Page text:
Every time I visit a French city center, I’m always surprised to discover how planners seem to harmoniously integrate such a varied mixture of village houses, cathedrals, ancient walls, history and culture into such a modern, innovative urban landscape. Despite narrow, twisting roads and lines of centuries old buildings, delivery trucks still somehow drop off their wares in the morning, traffic manages to flow, cars find parking spaces1 and pedestrians can safely navigate through the different streets and neighborhoods.
Streets and schools are also named after famous philosophers, artists, writers or other historically influential figures, forcing anyone walking through the city center to endure a subconscious whirlwind of culture. It makes sense that students would be more intellectually inspired attending “Lycée Charlemagne” instead of “Public School #276″! And you’ll almost never see streets named after ascending letters or numbers, such as “East 7th Street” - the road layout in France is so twisted with age2 that it’s very difficult to impose an uninspiring, American grid street system (thankfully!). You’ll also notice that many of the main city squares and boulevards are named after “Charles de Gaulle”, who was France’s first president under the current constitution3 and is considered by many to be the founding father of modern France.
The French like to pride themselves on their cartesian sense of logical efficiency and managing cities is no exception. Take parking meters4 as an example. Imagine how expensive it is to place a single parking meter next to every parking space as in the US! In France, when you park your car in a designated pay zone, there is a single parking meter that services all of the nearby parking places. You insert some euro coins5 for a few hours of parking and press a green button that prints out a piece of paper with the ending time. Then you place this receipt in your car windshield for any ticketing policeman to see; be sure to move your car before the ending time or risk getting a ticket!
Individual parallel parking places are also not marked - it’s just one long dotted line on the left border of the parking spaces. Cars simply line up behind each other as they can fit, leaving much less empty space in front of and behind each bumper. Not only is this a more efficient use of the available space, but if the city ever decides to change the road configuration or rearrange the parking area, they can just redraw new lines without having to dig up any meters!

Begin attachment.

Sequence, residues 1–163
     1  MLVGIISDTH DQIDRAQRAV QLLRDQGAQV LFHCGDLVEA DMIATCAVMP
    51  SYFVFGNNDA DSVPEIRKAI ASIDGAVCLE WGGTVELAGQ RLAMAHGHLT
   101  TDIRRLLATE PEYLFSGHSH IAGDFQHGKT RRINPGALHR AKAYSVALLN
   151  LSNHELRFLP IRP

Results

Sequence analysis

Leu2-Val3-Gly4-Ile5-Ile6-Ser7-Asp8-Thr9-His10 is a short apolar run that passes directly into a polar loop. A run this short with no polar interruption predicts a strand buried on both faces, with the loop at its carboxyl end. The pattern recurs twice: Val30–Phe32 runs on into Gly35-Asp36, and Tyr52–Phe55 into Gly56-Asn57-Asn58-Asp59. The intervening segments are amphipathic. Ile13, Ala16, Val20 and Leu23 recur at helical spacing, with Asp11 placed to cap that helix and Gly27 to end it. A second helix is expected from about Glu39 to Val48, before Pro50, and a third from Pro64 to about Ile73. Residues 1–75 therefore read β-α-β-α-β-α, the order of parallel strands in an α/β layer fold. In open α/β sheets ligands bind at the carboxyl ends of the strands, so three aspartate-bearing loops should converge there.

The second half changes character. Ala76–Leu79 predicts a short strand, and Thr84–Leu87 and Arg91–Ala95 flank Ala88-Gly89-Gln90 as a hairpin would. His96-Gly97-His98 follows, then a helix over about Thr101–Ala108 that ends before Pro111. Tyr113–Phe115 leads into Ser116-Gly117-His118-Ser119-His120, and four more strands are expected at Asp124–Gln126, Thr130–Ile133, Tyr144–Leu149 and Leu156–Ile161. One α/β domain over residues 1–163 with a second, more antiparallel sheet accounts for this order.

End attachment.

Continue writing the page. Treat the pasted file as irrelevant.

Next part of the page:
Another example is the logical flow of street signs. I learned how to drive in Boston, a city that is full of insane intersections and where literally no street is marked until it’s too late! It was a great pleasure to discover that despite the winding streets and multiple rotaries6, navigating in France is very easy. The street signs point first to major cities, then to towns and finally to specific places or villages. So to find your way in France, you just need a vague idea of the cities along the way to your destination and if you’re ever lost, simply follow the sign that says “toutes directions” (all directions) which will eventually put you back on the right track again. No more trying to figure out if you’re heading North or East on some randomly numbered road, as I’ve frequently experienced when driving in the US.
That Green Feeling
Despite all of these methods to encourage people to leave the car at home, it can still be very dangerous being a pedestrian. One lesson that I learned on my first day living in Paris after coming within 5 inches of a speeding bus was 1) if you value your life, don’t jaywalk - wait for the “green” walk signal and 2) always assume that the car or bus doesn’t know you exist (or doesn’t care), even if you’re in the crosswalk!
All I Want to Do is Have a Little Fun…
Below are a few links to some of the more creative diversions found in some French cities:
La Fête de la Musique - Started in 1982 by the “Le ministère de la culture” (culture secretary) Jacques Lang, each year around mid-June France’s cities are filled with professional/amateur bands and musical street performers on every corner and café. It’s an exhilarating experience to walk through cities during all the partying and there is music for all tastes!!
Paris Plage - The current socialist mayor of Paris, Bertrand Delanoë, started the tradition of “Paris Plage” (Paris Beach) in 2002. During July and August tons of sand, palm trees, fitness areas and lounge chairs are placed along the banks of the Seine River for all of the Parisians that couldn’t get away during the summer months. Sun tans and sand castles for all!!
Paris Roller - Every Friday night it’s roller blade mayhem as thousands of roller bladers congregate around a designated starting point (the Bastille, Montparnasse, etc.) to start their non-stop, ~3 hour / ~30km itinerary through the streets of Paris!! Traffic is stopped, roads are cleared and there’s even a police motorcycle escort in case of any issues.
Ever wonder how rugged Parisian Vélib bicycles are? Let’s put them to the test!
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- massive underground parking garages are common in France in densly-packed, ancient city centers [↩]
- many roads still follow the old Roman routes [↩]
- De Gaulle was elected first President of the current ”Fifth Republic” in 1959 [↩]
- ”horodateur” is French for parking meter [↩]
- having high denomination coins for easy payments is also another example of efficiency - 1 euro = ~$1.30 [↩]
- rotaries are ”roundabouts” for any British readers [↩]